Andrew Rosenthal writes
in the NY Times about the seeming dearth of protests:
When you hear Young and Company sing of "four dead in Ohio," their Kent State anthem, it's hard to imagine anyone on today's campuses willing to face armed troops. Is there anything they care about that much?
Student protesters helped drive Lyndon Johnson--in so many ways a powerful, progressive president--out of office because of his war. In 2004, George W. Bush--in so many ways a weak, regressive president--was re-elected despite his war. And the campuses were silent.
I was born in 1958, so I was a little young to participate in Vietnam War protests, but my older brother did, and I followed the news closely back then. I admired (and admire) those who protested back then, as I do those who protest now. But I think Rosenthal is engaging in a fair amount of revisionism, inflating the importance of the protests. Serious US involvement in Vietnam began in 1964, with little protest (at least compared to the 2003 protests against the Iraq war). LBJ won the election that fall in a landslide. The protest movement grew over the years, and apparently did have some impact on LBJ and McNamara. But I think the fact that they recognized the failures of their war had more to do with LBJ's not running again than did the protests. (Unfortunately, our current gang of idiots won't recognize their failures until they actually do have to fight the "terrorists" here--if then.) Many of the biggest protests--the Democratic Convention in Chicago and the marches on Washington in 1969--happened after LBJ decided not to run.
Still, the war continued for years. And Nixon waited until AFTER he was re-elected to sign the peace treaty (which he could have done four years earlier) and bring the troops home, having handily defeated an anti-war Democrat in the 1972 election. Unfortunately, to me that shows what little effect the anti-war movement actually had, eight years into a brutal, pointless war that had cost billions, killed 58,000 Americans and millions of southeast Asians.
Right-wingers still like to blame the protesters for losing Vietnam, but I think they're wrong. Vietnam won that war, as Iraq will win this one--they kept fighting until the American ruling class finally decided that greater profits were to be made elsewhere (or in other ways, since American corporations now regularly exploit dirt-cheap Vietnamese labor). Protests may have played a role in that decision, but only a small one.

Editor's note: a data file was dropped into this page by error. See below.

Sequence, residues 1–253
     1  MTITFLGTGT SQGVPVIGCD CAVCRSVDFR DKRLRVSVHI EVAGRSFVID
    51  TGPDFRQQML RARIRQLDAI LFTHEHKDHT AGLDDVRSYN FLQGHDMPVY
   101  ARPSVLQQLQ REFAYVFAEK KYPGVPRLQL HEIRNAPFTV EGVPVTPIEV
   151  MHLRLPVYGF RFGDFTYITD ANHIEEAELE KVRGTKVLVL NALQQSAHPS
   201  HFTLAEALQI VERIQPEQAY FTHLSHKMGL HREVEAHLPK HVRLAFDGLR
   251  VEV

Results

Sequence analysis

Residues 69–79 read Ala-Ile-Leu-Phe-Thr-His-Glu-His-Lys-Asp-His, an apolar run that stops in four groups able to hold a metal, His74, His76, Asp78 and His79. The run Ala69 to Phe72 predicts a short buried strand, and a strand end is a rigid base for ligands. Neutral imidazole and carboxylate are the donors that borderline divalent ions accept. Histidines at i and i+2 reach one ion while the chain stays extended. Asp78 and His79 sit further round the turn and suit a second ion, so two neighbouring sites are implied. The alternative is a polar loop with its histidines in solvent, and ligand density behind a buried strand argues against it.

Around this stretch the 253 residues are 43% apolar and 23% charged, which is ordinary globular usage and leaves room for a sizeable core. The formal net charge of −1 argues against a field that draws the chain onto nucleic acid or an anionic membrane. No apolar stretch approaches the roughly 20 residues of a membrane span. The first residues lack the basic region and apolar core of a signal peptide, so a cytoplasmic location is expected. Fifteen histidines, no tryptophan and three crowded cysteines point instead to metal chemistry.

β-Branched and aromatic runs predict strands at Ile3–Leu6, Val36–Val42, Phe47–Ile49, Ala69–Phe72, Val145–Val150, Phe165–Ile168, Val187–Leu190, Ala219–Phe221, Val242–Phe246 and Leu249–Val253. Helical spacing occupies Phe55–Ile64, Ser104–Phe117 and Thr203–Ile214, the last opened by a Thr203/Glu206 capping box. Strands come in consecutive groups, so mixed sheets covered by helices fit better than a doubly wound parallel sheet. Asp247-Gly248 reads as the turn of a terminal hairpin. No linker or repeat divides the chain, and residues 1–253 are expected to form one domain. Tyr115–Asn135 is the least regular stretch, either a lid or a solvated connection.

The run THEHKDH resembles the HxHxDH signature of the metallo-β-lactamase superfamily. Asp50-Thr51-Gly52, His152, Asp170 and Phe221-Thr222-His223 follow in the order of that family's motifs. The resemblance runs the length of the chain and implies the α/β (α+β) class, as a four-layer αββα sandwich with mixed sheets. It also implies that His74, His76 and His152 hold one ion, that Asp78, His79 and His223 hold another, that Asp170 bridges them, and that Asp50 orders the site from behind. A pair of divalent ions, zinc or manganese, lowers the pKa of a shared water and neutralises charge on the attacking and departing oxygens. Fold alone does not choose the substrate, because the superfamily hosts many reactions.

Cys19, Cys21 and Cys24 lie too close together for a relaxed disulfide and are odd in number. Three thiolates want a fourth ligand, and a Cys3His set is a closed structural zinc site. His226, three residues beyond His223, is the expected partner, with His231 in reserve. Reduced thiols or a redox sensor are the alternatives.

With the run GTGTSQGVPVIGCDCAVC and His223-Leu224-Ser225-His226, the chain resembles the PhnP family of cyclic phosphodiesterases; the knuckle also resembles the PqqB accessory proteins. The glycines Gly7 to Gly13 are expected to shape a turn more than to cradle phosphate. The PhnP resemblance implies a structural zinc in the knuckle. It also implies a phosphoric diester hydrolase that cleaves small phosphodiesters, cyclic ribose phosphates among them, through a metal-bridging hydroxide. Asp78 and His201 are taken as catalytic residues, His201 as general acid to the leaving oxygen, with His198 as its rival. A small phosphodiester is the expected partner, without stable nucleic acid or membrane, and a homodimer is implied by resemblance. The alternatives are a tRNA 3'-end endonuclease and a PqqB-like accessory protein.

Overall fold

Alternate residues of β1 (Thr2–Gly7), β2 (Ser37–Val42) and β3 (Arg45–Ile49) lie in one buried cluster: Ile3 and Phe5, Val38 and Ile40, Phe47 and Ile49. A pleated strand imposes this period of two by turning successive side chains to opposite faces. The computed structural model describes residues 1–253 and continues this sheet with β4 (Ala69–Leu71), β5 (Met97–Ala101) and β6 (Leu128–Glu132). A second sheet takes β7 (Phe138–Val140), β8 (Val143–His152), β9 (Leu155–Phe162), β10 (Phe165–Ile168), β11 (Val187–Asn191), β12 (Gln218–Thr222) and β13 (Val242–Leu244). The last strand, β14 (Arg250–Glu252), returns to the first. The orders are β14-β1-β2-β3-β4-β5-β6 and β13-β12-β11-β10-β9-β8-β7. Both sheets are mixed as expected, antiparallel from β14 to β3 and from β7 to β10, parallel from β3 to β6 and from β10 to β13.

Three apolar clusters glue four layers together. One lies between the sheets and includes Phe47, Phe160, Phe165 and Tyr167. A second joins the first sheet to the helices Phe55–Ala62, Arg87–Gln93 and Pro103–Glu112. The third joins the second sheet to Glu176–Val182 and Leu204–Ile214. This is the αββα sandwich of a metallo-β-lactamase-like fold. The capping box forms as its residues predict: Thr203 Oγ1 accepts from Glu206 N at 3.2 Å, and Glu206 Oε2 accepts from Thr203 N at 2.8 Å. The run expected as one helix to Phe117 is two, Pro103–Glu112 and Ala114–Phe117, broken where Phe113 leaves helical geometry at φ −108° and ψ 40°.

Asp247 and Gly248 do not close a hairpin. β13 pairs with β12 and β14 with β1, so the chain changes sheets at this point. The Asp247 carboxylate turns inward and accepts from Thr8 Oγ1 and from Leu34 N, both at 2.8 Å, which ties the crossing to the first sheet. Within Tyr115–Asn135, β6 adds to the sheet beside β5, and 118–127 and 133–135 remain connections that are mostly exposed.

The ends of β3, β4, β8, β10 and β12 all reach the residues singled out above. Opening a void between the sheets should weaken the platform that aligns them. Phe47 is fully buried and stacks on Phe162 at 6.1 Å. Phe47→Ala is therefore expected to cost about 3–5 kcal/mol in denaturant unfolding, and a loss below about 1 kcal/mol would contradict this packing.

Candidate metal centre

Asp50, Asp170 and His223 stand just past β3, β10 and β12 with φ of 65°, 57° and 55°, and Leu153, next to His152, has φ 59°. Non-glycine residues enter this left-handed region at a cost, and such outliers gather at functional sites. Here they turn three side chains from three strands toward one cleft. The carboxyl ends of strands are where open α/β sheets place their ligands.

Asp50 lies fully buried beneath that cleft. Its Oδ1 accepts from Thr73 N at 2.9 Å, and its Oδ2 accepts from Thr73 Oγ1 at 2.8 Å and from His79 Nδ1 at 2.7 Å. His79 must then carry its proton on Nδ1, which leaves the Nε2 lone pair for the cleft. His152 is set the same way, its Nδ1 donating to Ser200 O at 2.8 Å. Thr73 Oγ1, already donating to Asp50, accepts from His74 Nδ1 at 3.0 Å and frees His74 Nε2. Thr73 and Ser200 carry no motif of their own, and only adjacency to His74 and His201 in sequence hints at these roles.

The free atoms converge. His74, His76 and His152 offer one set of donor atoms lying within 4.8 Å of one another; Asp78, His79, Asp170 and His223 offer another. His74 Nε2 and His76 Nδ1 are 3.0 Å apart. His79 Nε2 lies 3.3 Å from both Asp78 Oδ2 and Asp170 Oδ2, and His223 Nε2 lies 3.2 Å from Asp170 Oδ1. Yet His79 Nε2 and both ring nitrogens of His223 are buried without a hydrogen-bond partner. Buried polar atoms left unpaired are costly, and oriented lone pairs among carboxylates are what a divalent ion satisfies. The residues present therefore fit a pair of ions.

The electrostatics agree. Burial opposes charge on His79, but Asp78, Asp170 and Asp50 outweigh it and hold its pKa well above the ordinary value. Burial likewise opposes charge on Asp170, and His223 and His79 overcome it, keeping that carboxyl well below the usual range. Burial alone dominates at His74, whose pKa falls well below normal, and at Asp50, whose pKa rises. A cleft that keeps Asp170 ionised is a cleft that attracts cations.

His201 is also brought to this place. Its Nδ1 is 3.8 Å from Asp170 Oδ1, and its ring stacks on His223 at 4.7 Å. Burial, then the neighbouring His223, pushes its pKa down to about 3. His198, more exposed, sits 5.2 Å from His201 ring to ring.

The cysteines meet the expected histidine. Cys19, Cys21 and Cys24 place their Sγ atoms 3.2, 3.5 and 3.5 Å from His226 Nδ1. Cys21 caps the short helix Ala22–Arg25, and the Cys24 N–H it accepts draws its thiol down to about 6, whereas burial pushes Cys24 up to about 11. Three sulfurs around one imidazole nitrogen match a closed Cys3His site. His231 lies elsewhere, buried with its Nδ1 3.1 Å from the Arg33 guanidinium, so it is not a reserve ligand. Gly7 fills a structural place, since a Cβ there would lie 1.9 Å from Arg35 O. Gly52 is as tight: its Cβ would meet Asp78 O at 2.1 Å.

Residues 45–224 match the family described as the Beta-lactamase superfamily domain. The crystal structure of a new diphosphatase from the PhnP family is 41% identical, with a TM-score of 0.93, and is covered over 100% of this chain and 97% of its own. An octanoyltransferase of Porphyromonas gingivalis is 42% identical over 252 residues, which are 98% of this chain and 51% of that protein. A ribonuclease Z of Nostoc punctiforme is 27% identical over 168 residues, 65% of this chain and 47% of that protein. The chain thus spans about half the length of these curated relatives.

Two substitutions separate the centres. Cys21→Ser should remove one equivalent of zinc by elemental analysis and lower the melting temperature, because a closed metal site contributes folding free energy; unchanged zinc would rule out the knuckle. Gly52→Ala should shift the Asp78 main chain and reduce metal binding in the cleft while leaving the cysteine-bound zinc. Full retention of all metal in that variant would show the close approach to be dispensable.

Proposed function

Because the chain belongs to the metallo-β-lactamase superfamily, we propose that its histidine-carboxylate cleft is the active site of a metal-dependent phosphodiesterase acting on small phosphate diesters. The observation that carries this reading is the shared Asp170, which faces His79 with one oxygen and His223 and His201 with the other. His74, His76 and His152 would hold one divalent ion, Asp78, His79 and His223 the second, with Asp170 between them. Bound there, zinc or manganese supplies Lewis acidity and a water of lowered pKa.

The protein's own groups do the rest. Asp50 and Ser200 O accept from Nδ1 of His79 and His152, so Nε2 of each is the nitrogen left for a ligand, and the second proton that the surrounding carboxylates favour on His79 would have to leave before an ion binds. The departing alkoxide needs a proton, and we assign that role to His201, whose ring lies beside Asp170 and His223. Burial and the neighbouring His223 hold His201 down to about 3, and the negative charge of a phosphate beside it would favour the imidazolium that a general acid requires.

In a sick way, I think that our rulers actually appreciate the protests to some degree. The marches in the winter of 2003 got lots of people involved. I went to one in Washington in mid-March 2003. The weather was beautiful, one hundred thousand gathering on the lawn of the Washington Monument and then marching around the White House (W was at Camp David, of course). At the end of the march, many of us were so exhilarated that we were saying "No way they can start the war now!" Of course they did, four days later. The disillusionment that obviously pervades everything I'm writing here began in earnest then, and I'm sure I wasn't the only one.
Many of us fought on, though. I worked on the Kucinich campaign; many others signed up with Howard Dean. Kucinich was systematically ignored, while Dean was pumped up like the housing bubble, only to be popped by a media blitz shortly before the Iowa circuses (sic intended), and especially afterward. Dean's rapid demise, and replacement by the hapless pro-war Kerry, disillusioned millions of Deaniacs who thought they could actually make a difference. (And I'll bet there was at least as much chicanery involved in getting Kerry the nomination that spring as there was in defeating him in the election that fall.) Many of those students Rosenthal doesn't see protesting still have a bitter taste in their mouth from that.
Still, I like the protests. They cheer us up, at least for a while, and demonstrate to the country and the world that many of us here don't agree with our country's policies. I'm just afraid they don't do much to change those policies.
What will work? I don't really know. It's not like we live in a democracy. Gore Vidal said recently that only a massive economic collapse is likely to topple the current American system of mis-government. For better or worse, that is probably right around the corner!